Fiction Friday: Beneath Ceaseless Skies #361 Review

I had intended to review only one story in BCS #361, but since the two had a theme going for it, I decided to review both stories featured.

Today we’re doing a rare double review. A Once and Future Reckoning by Rajan Khanna, and Uncounted Leaves of Ends of Camelot by R.K. Duncan. You can read both here. If you haven’t guessed it by those titles, we’re focusing on a theme this time. That’s right: Camelot, King Arthur, and the magical Merlin himself.

A tale about a boy destined to be king, pulling a legendary sword embedded in stone, all for a prophecy by the wizard Merlin. Most know these kinds of stories through tales geared for younger audiences, but the real tale’s a bit darker when you get right down to it. The first story being the most mature of all, so do exercise caution when reading it.

Anywho, let’s see what’s in store, shall we?

A Once and Future Reckoning by Rajan Khanna

The story follows the prophecy dictated by Merlin, how he trained Arthur from a young boy to a mighty king, to the founding of the Knights of the Round Table, to what would inevitably be his downfall in a battle with his bastard son.

The author goes through the whole cycle of Arthur’s legend into a stunningly entertaining story. They hold nothing back and send the reader on a mystical and legendary quest as it truly is. Using terms that would have been more known in the medieval era of Britain. Names such as Artur, Gwenhwyfar, Myrddin, and Llansiloth. You can probably guess all of them without even looking them up.

Legends are definitely at the forefront, especially the Lady of the Lake subplot which is handled in a surprising and chilling way. As I’ve said before, this story captures the essence of Arthurian legend as it was meant to be told. Magical, yet chilling, coupled with a legacy etched in time. The story, though, seems to focus mainly on Merlin rather than Arthur himself. It took me halfway through the story to notice that this was from Merlin’s perspective. Granted, it does work in this regard.

Definitely a good retelling of a famous legend. Worth the read for sure.

Uncounted Leaves of Ends of Camelot, by R.K. Duncan

The story manages to be a kind of piece in the previous story, as if the two were filling in each other’s gaps, as it were. In this story, King Arthur is told Camelot will fall, a prophecy that cannot be altered. When asking Merlin what to do next, the wizard suggested to go into the forest to find the tallest tree, where his fate will be decided through visions and illusions.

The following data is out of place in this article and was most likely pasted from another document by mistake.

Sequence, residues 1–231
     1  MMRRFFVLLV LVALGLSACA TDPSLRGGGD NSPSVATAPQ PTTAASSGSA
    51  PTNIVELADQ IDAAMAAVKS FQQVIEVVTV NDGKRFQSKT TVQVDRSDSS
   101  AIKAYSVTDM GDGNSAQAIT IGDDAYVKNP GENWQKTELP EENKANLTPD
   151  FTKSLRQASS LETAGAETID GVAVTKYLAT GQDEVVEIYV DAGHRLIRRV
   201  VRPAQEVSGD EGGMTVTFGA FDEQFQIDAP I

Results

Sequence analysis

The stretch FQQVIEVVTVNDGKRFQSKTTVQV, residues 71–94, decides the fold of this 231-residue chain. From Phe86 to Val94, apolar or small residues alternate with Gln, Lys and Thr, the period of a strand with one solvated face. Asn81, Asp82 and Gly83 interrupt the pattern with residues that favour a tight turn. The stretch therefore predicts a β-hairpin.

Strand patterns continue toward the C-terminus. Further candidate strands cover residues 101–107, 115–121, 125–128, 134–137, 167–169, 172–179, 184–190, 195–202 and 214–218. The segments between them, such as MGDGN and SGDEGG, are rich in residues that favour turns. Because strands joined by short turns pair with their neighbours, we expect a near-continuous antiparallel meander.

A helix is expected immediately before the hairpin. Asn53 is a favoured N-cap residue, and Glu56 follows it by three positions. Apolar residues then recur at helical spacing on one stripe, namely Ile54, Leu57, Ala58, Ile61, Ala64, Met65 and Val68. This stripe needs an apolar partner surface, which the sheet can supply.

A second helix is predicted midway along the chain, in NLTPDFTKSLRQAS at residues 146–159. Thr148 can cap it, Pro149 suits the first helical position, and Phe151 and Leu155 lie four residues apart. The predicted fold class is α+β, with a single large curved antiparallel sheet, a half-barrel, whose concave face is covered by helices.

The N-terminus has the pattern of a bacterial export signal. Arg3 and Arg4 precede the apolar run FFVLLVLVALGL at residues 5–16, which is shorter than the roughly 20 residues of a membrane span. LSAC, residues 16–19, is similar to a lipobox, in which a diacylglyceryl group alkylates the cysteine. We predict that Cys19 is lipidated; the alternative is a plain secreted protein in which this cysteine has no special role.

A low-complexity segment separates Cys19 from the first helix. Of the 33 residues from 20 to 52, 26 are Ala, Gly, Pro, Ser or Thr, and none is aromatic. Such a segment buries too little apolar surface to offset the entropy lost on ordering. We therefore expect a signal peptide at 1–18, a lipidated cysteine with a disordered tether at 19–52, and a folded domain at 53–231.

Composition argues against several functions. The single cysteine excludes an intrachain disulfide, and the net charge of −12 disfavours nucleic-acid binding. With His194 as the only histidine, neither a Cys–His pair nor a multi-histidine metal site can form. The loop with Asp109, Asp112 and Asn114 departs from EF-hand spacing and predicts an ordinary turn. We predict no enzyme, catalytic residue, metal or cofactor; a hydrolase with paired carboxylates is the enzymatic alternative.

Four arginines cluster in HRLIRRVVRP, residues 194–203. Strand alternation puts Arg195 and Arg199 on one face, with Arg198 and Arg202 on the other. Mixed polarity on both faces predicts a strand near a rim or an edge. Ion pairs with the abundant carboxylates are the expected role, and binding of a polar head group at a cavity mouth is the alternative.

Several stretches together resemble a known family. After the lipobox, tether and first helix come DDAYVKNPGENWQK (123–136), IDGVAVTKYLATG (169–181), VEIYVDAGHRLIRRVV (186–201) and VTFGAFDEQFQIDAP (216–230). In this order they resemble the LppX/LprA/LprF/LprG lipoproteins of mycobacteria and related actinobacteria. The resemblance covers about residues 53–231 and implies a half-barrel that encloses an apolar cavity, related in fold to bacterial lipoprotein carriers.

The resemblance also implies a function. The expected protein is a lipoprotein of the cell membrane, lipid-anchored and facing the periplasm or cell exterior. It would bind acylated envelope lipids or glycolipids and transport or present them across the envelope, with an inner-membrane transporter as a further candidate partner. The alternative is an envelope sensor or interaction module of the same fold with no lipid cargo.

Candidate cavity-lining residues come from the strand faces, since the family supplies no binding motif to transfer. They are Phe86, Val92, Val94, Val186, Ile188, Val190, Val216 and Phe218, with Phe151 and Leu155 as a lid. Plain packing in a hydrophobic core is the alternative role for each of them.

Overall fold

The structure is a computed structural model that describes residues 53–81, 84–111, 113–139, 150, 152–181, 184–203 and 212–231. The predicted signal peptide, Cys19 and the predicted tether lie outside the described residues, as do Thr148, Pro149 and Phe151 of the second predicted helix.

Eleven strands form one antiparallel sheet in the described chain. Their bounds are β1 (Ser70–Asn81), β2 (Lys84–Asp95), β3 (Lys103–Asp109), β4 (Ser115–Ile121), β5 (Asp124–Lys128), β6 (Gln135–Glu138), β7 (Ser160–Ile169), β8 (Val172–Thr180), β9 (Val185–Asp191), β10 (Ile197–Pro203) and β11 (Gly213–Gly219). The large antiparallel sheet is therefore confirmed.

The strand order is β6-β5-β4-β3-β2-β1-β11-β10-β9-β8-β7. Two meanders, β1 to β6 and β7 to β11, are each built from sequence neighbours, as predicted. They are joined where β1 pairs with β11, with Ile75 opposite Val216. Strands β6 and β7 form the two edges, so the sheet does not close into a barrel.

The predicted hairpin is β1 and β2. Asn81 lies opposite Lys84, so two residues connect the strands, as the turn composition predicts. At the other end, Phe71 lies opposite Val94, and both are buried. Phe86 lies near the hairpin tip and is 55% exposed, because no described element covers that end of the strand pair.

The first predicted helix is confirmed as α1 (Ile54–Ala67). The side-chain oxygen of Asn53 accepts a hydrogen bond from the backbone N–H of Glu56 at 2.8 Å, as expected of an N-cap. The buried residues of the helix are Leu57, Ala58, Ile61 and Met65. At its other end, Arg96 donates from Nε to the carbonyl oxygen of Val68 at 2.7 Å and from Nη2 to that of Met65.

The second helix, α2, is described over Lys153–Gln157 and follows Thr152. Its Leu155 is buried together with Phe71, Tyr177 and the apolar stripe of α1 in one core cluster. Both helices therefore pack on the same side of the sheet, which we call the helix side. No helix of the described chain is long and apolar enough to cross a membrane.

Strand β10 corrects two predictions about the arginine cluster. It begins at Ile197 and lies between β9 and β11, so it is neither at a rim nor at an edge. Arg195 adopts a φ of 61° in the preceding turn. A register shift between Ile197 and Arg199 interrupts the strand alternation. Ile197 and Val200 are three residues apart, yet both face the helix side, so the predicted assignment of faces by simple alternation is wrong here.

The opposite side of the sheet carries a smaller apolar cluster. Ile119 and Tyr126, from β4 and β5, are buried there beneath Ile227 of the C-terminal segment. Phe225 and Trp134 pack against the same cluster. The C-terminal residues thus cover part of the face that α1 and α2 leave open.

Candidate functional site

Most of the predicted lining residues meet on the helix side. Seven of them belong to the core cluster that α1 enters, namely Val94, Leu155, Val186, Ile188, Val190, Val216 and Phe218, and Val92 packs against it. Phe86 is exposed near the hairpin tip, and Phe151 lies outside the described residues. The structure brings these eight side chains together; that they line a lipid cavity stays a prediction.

While the last story was more direct and a true retelling, this one only details a specific moment, the battle against his bastard son. It’s also trippier than the other story in that a lot of dream-like visions happen when descending into Merlin’s vision of the future.

A lot of description happens in this story and given the dream-like nature, it felt confusing as to what exactly was happening. Either way, I was able to follow along fine, but some scenes can be a bit jarring.

The end squeezes nicely into the climax of the first story, but I won’t give away too much. Overall, a really good story.

Final thoughts

The two stories featured were a nice mesh of history, legend, and all the drama and brutality of the medieval period. I usually don’t read a lot of Arthurian retellings, but I think these two were a fantastic effort. Definitely worth the read, if you’re looking for something different.

That’s all for today. If you liked this article and want more from Silver Claw, check out my Patreon where I have all sorts of perks. Moonlight Blade is coming soon. Of course, the story will be free here for everyone over the coming weeks. Patrons, however, will get the full story early this fall, with Chapters 1 and 2 being released for everyone.

Take care, and safe travels, adventurer.

Leave a Reply

Please log in using one of these methods to post your comment:

WordPress.com Logo

You are commenting using your WordPress.com account. Log Out /  Change )

Twitter picture

You are commenting using your Twitter account. Log Out /  Change )

Facebook photo

You are commenting using your Facebook account. Log Out /  Change )

Connecting to %s

This site uses Akismet to reduce spam. Learn how your comment data is processed.